Crisis in Ukraine reveals cracks in Ireland-UK relationship

Europe Letter: London hopes for new dawn of ‘understanding’ to ease protocol rollout

Could the Ukraine crisis cause a rapprochement between the European Union and the United Kingdom after years of embittered relations due to the Brexit vote and the tortuous talks of its aftermath?

Russia's invasion of Ukraine revealed certain facts about security and defence and created an imperative for the West to appear unified, causing day-to-day disputes to recede, including between London and Brussels over the Northern Ireland protocol.

UK foreign secretary Liz Truss was invited to an emergency council of EU foreign affairs ministers on the Ukraine crisis this month, in what the British government hoped signalled a fresh start in relations.

Many European leaders are distrustful of Johnson personally and would be reluctant to give him an opportunity for political posturing

EU and UK officials have been co-ordinating to draw up matching sanctions, including in talks with Washington held in the secure video-conferencing facilities of the British and Canadian Brussels embassies.

Since the war began, British prime minister Boris Johnson has visited Estonia and Poland, both Nato members who highly value strong relations with the UK for defence purposes. It was part of an effort by the alliance to emphasise its unity and commitment to joint defence in a bid to deter Russia from any further advance.

But the limits of the reconciliation were apparent when Johnson was not invited to a European Council of national leaders last week, despite being present in Brussels for G7 and Nato meetings.

Many European leaders are distrustful of Johnson personally and would be reluctant to give him an opportunity for political posturing or simply to make a scene, especially as it would risk eating into their time with the other summit visitor, US president Joe Biden.

Any hopes to attend the summit would not have been helped by a speech by Johnson to his Conservative Party conference in the days prior that appeared to compare Ukraine’s fight against invasion to the Brexit vote, repeating a characterisation of the EU as an authoritarian imposition rather than something Britain was voluntarily a member of, on equal standing with the 27 other states.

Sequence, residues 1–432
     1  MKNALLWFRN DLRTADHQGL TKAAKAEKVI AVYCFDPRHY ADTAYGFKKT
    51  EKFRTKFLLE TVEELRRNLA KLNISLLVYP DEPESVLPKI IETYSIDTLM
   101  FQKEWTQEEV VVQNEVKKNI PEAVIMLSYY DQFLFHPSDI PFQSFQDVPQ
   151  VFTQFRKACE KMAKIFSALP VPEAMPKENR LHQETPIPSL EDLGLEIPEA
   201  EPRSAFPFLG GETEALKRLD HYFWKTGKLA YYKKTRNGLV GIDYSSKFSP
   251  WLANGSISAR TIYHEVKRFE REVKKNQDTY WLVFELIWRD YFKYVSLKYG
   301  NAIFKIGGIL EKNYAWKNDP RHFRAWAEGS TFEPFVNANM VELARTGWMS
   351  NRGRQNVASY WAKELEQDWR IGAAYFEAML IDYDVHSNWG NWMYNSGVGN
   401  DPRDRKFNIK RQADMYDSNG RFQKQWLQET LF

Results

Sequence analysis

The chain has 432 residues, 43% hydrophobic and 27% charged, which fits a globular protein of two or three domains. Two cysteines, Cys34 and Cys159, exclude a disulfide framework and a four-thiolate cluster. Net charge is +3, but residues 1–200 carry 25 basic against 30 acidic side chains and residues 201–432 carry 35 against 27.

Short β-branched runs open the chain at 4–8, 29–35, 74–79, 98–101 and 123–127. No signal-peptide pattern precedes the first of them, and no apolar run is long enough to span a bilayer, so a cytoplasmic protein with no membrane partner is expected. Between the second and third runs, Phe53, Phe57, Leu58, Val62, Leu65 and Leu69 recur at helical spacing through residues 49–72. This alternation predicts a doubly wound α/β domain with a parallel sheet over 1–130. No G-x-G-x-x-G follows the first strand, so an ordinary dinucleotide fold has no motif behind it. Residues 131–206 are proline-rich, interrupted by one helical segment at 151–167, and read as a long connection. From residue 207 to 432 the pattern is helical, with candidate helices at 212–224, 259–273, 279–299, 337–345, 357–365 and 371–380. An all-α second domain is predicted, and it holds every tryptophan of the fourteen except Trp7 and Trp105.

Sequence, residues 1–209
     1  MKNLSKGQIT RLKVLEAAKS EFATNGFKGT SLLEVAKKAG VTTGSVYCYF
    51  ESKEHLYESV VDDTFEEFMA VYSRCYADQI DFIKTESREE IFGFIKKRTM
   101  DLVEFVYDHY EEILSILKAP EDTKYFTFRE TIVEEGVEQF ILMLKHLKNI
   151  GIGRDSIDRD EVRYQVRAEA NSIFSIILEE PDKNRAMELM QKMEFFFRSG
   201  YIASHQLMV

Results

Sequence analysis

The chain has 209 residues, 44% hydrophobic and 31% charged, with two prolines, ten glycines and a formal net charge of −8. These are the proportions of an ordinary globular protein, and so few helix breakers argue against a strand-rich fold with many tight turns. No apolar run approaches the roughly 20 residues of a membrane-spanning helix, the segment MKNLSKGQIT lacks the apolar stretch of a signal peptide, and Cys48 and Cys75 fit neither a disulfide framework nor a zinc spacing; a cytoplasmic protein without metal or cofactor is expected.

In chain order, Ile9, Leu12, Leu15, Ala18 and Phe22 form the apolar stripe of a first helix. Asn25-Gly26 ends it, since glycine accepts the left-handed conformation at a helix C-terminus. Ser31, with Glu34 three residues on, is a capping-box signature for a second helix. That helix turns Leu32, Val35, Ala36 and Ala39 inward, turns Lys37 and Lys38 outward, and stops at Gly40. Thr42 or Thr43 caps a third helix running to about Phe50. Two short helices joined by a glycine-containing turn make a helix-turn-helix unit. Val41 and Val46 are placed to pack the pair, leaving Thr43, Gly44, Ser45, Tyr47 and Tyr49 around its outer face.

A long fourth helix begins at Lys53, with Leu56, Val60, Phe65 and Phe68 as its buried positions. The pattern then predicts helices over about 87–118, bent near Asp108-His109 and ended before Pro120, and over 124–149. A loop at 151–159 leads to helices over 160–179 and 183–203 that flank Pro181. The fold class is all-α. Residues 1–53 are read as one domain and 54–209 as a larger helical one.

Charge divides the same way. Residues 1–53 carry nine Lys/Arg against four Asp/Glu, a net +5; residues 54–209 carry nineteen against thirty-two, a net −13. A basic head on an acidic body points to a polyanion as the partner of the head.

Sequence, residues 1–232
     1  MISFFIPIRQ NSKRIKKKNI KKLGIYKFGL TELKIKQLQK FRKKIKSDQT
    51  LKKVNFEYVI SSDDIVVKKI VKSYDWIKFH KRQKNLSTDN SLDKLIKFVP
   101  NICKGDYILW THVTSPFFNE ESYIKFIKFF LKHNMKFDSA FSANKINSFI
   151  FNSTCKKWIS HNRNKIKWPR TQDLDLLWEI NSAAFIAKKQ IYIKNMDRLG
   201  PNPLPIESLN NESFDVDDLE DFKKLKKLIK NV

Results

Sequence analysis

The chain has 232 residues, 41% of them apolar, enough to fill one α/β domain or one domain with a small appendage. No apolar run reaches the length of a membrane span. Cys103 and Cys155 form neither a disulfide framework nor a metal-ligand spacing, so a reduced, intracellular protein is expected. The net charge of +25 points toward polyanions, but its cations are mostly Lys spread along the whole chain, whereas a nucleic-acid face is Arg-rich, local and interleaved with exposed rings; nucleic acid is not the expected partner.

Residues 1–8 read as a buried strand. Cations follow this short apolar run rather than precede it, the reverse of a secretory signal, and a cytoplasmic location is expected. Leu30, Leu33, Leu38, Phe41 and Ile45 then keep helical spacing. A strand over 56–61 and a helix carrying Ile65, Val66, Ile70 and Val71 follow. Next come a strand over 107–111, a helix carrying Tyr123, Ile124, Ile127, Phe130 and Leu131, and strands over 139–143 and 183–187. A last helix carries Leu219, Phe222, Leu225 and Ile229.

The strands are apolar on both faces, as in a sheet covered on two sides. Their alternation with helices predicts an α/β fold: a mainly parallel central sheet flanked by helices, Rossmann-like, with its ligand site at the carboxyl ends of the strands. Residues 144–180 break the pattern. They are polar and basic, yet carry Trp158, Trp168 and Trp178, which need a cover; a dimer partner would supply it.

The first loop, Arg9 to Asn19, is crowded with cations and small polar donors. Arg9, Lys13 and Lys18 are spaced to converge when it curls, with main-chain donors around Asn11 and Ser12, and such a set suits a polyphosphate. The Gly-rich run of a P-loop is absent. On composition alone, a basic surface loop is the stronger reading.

The British government was unhappy with Ireland's decision to open its doors to Ukrainian refugees

The crisis has revealed cracks in the Dublin-London relationship too.

The British government was unhappy with Ireland’s decision to open its doors to Ukrainian refugees by first waiving visas and then joining the EU as a whole in granting them blanket temporary protection, which comes with residence and other rights.

This is because of security concerns: they expect that a certain number of people will falsely claim to be Ukrainian refugees, and among those will be some Russian operatives.

The Common Travel Area means any who go to Ireland can easily enter Britain, which is part of the context to why a requirement for non-British and non-Irish nationals to electronically register before crossing the Border into Northern Ireland from the Republic was announced last week.

The British government also felt liberated to announce this without the usual consultation and co-ordination with the Irish Government, raising the ire of Dublin, because they felt they had been insufficiently consulted on the Ukrainian refugees policy in turn.

At the moment, the EU side is only too happy to remain silent on the Northern Ireland protocol to avoid becoming a feature of the campaign for the Northern Ireland Assembly election on May 5th.

Brussels proposed changes it said would drastically reduce bureaucracy and the number of checks on goods, but London insists it does not go far enough

But the British are keen to offer some pre-election encouragement to the camps in Northern Ireland who acquiesce to some form of protocol, to show that it will be workable and not overly onerous.

But talks between the sides remain frozen. The EU was disappointed to get no movement from London in return for announcing a change to its law to facilitate the flow of medicines late last year. Brussels proposed changes it said would drastically reduce bureaucracy and the number of checks on goods, but London insists it does not go far enough.

EU states remain determined to protect their markets from the risks of unchecked products entering, and have no inclination to offer advantages to a non-member state. They recall that not only was the protocol requested and negotiated by Johnson, but that it was ratified by parliament and held up as a triumph in an election campaign that won him a big majority.

This is the result of the Brexit you wanted, Brussels says: the protocol is designed to accommodate your choice, and patch up its regrettable results.

The past is the past, replies the British government. Never mind that the Democratic Unionist Party campaigned for Brexit and rejected a solution that would have prevented any Irish Sea checks.

The current reality is what it is, they say: unionists in Northern Ireland are unhappy with the protocol, and if not succoured, they darkly warn, loyalists could turn violent.

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